This post is part 2 in my series #GAFE Impact Report, sharing data and analysis about student and teacher perceptions of the impact of Google Apps for Education. The results come from a 2014 survey I designed, implemented, and analyzed in my school. Be sure to check out Part 1: Overview & Infographic. Though limited to my school, I believe these results to be informative and representative of many schools in the early stages of GAFE integration. Please share your thoughts and feedback on these posts, the survey, or the findings in the comments or on Twitter.
Once the inspiration for this study hit, I knew what I needed to do. Ideas, questions, and complications circled through my mind for a few days. I listed my ideas, tried to put them in order, and to figure out what I was really looking for. Who did I want to survey? How? Where? Why? What was I going to do with the data? I had some answers to these questions and more ideas than I knew what to do with. Little did I know it at the time, but a lot of this process was what led me to my current doctoral studies. With the #GAFE Impact Report, I learned a lot of survey design, methodology, and data analysis, which helped focus my interests back towards further studies.
Luckily, I had some friends at work to bounce ideas off of and quickly made some decisions. I would create Google forms for all teachers and students. Students were easy; I could ask my English teacher colleagues to assign the survey, either in class or for homework. I decided to collect usernames in my domain so I could ensure unique responses from each students and let teachers know when their students had all completed it--although their responses remained private. For the teachers, I e-mailed a different Google form with a plea for their help. I explained my goals and purpose and asked that they complete the form over a two-week window. I then followed up in person with some departments, and after a lot of leg work had overall success. Although my administration okayed my work, it was important that I ask for honest feedback and data as a colleague and not as a forced or mandated survey from a supervisor.
The surveys took a while to design and finalize, and I’m pretty happy with the questions I asked, even now. By Thanksgiving or so, I was ready to roll out my baby.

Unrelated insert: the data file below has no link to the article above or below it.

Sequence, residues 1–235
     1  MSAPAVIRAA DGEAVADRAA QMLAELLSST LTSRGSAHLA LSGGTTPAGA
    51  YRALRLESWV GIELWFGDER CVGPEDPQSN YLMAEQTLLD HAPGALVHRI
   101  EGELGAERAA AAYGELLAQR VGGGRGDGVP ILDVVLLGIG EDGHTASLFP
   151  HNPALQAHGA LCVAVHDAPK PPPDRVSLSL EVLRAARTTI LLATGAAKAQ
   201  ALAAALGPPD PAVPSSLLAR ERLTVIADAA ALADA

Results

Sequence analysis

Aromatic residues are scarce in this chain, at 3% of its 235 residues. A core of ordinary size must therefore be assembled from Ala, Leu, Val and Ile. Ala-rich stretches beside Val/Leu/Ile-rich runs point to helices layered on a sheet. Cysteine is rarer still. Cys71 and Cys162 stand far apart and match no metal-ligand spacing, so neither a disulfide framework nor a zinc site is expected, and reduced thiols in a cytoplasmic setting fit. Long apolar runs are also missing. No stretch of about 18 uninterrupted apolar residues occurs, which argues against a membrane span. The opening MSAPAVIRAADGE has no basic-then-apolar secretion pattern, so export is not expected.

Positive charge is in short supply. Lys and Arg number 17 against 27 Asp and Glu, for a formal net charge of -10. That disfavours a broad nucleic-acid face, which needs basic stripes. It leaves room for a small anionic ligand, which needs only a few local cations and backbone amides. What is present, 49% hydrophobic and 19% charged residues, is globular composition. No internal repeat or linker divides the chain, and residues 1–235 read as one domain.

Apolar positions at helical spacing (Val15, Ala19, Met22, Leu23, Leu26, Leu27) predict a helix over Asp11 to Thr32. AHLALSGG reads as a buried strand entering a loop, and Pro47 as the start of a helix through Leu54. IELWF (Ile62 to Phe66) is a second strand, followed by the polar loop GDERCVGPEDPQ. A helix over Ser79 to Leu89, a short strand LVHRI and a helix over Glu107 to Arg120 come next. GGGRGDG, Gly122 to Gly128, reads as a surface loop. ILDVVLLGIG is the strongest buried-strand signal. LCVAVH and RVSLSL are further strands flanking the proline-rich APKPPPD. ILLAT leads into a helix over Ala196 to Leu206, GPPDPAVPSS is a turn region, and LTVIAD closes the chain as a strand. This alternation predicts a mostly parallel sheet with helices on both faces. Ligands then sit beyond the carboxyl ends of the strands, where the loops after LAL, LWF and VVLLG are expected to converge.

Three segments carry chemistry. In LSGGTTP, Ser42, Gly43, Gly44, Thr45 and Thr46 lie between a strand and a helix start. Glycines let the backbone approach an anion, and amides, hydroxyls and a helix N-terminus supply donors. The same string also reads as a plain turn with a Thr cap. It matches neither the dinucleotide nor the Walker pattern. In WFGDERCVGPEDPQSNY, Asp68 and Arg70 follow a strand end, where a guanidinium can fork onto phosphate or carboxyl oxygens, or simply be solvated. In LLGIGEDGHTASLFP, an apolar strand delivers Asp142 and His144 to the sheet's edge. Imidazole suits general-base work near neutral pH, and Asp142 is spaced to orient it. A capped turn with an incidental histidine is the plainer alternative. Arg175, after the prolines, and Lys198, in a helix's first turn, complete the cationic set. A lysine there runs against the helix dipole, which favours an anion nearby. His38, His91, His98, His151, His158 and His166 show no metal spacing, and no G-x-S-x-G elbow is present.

Thankfully, my friend and mentor Tina has her PhD. She had the knowledge, experience, and insight into survey design, methodology, and motivating busy teachers to respond, which I sorely lacked. I didn’t need a doctoral-level project here, but I wanted to make sure that my study was fair, purposeful, and meaningful. She helped me decide on a mixed-methods approach, including both quantitative and quantitative questions.
The quantitative questions provided the hard data and were required. The qualitative ones asked for supporting responses, and some were optional. I wanted to make the survey easy for responders, with the hopes that this would give me more in depth responses. And it mostly worked. There were some topics, like the value of electronic feedback, that were important to me, but ultimately proved to be too much. I wanted to survey to be clear and focused, so I tried to connect everything back to the impact of Google Apps on Teaching and Learning.
As of this posting, the surveys are public but when they were administered they were closed to my domain and collected usernames. The required questions for students were the same. For the teacher survey, all demographic or grid-based questions were required. For this public view, the only required question is at the end of the first page because its answer determines which page is next on the survey.
Comparing Data: The Beginning
Within a few weeks, and after some gentle reminders, I had survey data from 630 students (47%) and 43 teachers (43%), enough to provide a statistical representation of my school’s population.
I also had another tool: two similar studies from presentations a few months earlier. In April 2014, I surveyed my students for a presentation at LHRIC’s Tech Expo, and then in October for NY #Gafesummit. Only 230 students were surveyed in each of these studies, but the trends and data are interested and informative. With this combined data, I could compare statistics, trends, and growth from the 8-month period, which show that almost all of the statistics about GAFE’s positive impact grow.
Next time, we’ll take a look at that data and it’s evolution in more detail. You can find the Comparative Data Sheet online to get a head start.
As always, please leave your comments below or reach out on Twitter. I would love to hear what you think about this study or your own ideas about GAFE’s impact.
cross posted at www.aschoenbart.com
Adam Schoenbart is a high school English teacher, Google Education Trainer, and EdD candidate in Educational Leadership. He teaches grades 10-12 in a 1:1 Chromebook classroom at Ossining High School in Westchester County, NY and received the 2014 LHRIC Teacher Pioneer Award for innovative uses of technology that change teaching and learning. Read more at The SchoenBlog and connect on Twitter @MrSchoenbart.